A question for all the birthing partners out there; what’s your lasting memory of your time on the labour ward? Was it watching your baby magically enter into the world? Or the moment your midwife handed you a swaddled newborn to hold? Perhaps it was the feeling of tiny bones crushing as your partner grasped your hand when another painful contraction seared through her body?

Well, a week on from us leaving the hospital, the image that’s seared into my mind is not that of the operating theatre or holding my lovely baby daughter Scarlett in my arms for the first time; it’s that of my wife Emily, high on morphine in her hospital bed, newborn baby suckling at her teat, tapping away on her laptop as she researched outfits for her clients to wear to the BAFTAs.

Emily and Scarlett – laptop and iPhone out of shot

Now that’s what I call multitasking. Not to mention courage, strength, determination, single-mindedness, and altruism. If men could get pregnant, birth control would be handed out in schools and outside train stations; we just wouldn’t be able to face the pain and the explosion of emotion. That’s why I wanted to tell you about my remarkable wife, and how anybody who hasn’t given birth needs to think twice when complaining about flu or stubbing their toe; you don’t know shit about pain or sacrifice.

Two Caesarians in 15 months

C-sections have come a long way. Until the turn of the 20th century, the op was largely a salvage mission, to attempt to rescue a child from a mother who had died – or was close to dying – during childbirth. Nowadays, you can watch it happening to you; as the anaesthetist chats glibly in your ear about baby names and where you went to school. However, it’s still a major operation, and were it not for the fact a baby is produced at the end of it, any similar procedure that cuts through muscle like it does would require a stay of up to two weeks in hospital. So having to go through that trauma twice in less than two years is pretty unthinkable. But that’s what Emily did. And although it means I can’t really moan about anything ever again, it means my admiration and respect for her knows no bounds.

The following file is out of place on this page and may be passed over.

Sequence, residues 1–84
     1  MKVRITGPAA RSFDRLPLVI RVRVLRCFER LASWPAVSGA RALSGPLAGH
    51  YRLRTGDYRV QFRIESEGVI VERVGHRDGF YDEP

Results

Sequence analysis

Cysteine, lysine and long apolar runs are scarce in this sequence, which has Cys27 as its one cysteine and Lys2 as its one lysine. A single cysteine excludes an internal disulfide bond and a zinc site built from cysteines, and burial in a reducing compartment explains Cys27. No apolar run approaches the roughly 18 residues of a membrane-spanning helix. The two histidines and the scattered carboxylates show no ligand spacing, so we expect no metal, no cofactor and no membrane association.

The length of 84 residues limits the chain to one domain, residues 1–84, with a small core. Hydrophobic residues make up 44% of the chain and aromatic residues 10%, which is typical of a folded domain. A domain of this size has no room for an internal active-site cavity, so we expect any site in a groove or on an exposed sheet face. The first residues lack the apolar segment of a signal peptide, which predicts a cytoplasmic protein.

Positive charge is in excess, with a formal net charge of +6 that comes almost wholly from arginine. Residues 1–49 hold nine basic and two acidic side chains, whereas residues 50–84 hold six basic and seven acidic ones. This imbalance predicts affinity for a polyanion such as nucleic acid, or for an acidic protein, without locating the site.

Business woman and mother

Life is all about timing. If life gives you lemons, you should try and make some R White’s. It just so happens that late last year the stars were sufficiently aligned to allow my wife to break out on her own into the crazy world of PR (recently voted 6th most stressful job in a list of 200 professions). Leaving a good job that would have guaranteed her maternity leave and stat mat pay, she went freelance and jumped straight into a hectic schedule of breakfast meetings, photoshoots and media interviews. She even went up to Manchester to film at the BBC a week before she was due. How is that even possible? A combination of parental help, me using up holiday days to babysit, plus expensive childcare, has meant we’ve just about managed it logistically, but physically and emotionally, how my wife has managed to start a business while heavily pregnant is beyond me; naturally her clients love her and are in awe.


It’s painful, very difficult to master and there’s a lot of pressure to do it (as the actress said to the bishop), yet my wife has been up every 40 minutes or so throughout the last seven nights making sure our daughter gets the optimum nutrients. A bottle would be far easier, especially with so many meetings in the diary, but she steadfastly refuses to give up. I’m sometimes awoken by her yelping in pain as Scarlett fails to latch on. I lay awake in solidarity, not because I can help but because sleeping feels like cheating.

This is no time for schmaltz (I’m well over 600 words now) but my wife is my hero. Why she’s with a loser like me defies explanation.

Emily, I’m just not worthy…